The Beat Goes On: AML Non-Compliance May Be Widespread

In recent statements to the ASX, NAB, Crown Melbourne, SkyCity Entertainment and Star Entertainment Group reported to investors that they had been referred to AUSTRAC’s enforcement team. AUSTRAC identified that the listed companies had potentially breached anti-money laundering and counter-terrorism financing laws. 

This article examines the background and context to the investigations and suggests that if these organisations have engaged in contraventions (at least of the kind previously prosecuted in the cases of Westpac and CBA), they could expect to bear the full force of the regulator.

The Australian Transaction Reports and Analysis Centre (AUSTRAC), Australia’s financial intelligence agency and regulator, has been asserting its status as a regulator – as opposed to a mere financial intelligence unit – since 2015, following its vigorous enforcement action against Tabcorp. 

It later went on to investigate and prosecute civil penalties against both Westpac and CBA for non-compliance with the Anti-Money Laundering and Counter-Terrorism Financing Act 2006 AML/CTF Act 2006 (Cth) (AML/CTF Act).  Although the penalties set new records in relation to corporate civil pecuniary penalties, AML/CTF non-compliance may still be manifesting in the financial sector.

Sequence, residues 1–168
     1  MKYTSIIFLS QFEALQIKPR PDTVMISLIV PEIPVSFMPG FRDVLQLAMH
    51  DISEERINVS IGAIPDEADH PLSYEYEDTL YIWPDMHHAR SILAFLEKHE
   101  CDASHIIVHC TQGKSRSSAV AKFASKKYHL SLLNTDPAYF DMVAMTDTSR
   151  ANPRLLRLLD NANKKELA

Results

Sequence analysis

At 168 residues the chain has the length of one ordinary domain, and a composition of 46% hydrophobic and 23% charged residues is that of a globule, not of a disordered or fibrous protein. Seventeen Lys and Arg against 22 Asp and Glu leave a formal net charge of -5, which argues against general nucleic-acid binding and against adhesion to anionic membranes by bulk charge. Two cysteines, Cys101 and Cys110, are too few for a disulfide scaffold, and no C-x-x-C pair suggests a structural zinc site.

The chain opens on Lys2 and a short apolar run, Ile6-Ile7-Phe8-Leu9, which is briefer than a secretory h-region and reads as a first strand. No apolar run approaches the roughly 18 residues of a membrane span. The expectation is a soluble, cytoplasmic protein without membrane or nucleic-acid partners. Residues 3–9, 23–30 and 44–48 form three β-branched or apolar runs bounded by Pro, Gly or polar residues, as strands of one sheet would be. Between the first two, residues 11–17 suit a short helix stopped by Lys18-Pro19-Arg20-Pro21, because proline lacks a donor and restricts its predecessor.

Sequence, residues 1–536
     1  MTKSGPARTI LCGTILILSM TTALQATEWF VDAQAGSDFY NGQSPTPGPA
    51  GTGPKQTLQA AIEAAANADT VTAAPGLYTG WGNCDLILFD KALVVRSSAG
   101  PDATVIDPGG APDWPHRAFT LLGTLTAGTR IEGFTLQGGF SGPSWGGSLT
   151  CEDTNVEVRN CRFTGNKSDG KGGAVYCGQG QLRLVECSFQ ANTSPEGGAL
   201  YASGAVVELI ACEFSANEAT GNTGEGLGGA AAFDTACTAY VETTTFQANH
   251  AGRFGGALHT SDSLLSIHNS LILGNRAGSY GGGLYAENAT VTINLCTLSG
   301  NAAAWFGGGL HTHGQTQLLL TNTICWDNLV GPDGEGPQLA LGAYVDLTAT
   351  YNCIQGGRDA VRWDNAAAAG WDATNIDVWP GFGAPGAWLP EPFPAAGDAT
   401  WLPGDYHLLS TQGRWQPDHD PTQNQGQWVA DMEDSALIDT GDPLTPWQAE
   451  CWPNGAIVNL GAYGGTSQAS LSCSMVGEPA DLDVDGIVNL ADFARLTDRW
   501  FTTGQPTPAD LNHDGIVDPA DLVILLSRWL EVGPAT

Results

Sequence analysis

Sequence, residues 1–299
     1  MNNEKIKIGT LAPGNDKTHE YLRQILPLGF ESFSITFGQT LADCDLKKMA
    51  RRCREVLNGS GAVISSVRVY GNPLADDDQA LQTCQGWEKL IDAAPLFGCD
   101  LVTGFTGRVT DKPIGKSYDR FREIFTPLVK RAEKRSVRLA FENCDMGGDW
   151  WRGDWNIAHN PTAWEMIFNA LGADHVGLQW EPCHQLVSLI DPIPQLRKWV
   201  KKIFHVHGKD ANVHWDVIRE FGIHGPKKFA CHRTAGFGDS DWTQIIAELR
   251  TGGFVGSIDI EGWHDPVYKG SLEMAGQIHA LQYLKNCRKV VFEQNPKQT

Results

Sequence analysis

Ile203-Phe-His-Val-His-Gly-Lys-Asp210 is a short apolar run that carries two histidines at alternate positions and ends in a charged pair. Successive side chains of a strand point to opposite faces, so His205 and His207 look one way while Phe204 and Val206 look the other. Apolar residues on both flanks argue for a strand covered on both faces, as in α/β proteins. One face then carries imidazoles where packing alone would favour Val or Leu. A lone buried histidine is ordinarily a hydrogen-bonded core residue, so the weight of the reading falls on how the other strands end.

Contraventions prosecuted to date

Aspects of countering money laundering and terrorism financing are inherently complex and challenging for companies.  Reporting entities might expect leniency in relation to ascertaining and complying with these.  Others are not. 

Indeed, for the most part, money laundering and terrorism financing countermeasures prescribed by the AML/CTF Act are ascertainable via the AML/CTF Act and Rules as well as the various AUSTRAC publications and secondary resources available. 

Moreover, the general categories of contraventions alleged in AUSTRAC prosecutions to date have related to elementary, fundamental AML/CTF processes.  In the case of Westpac, for example, the contraventions related to:

  1. Failing to appropriately assess and monitor the ongoing money laundering and terrorism financing risks associated with the movement of money into and out of Australia through correspondent banking relationships.
  2. Failing to report International Funds Transfer Instructions (IFTIs) to AUSTRAC.
  3. Failing to keep records relating to the origin of IFTIs.
  4. Not passing on information about the source of funds to other banks in the transfer chain (thus depriving it) of information it then needed to understand the source of funds.
  5. Failing to carry out appropriate customer due diligence on certain transactions to jurisdictions that have known financial risk indicators.

As for CBA, it:

  1. Failed to report two suspicious matters within 24 hours of forming a suspicion relating to the financing of terrorism.
  2. Failed to report suspicious matters either on time or at all in relation to accounts and individuals that were the subject of two further law enforcement operations.
  3. Even after becoming aware of suspected terrorism financing and/or money laundering, it did not appropriately monitor its customers to mitigate and manage money laundering and terrorism financing risk, including the ongoing money laundering and terrorism financing risk of doing business with those customers.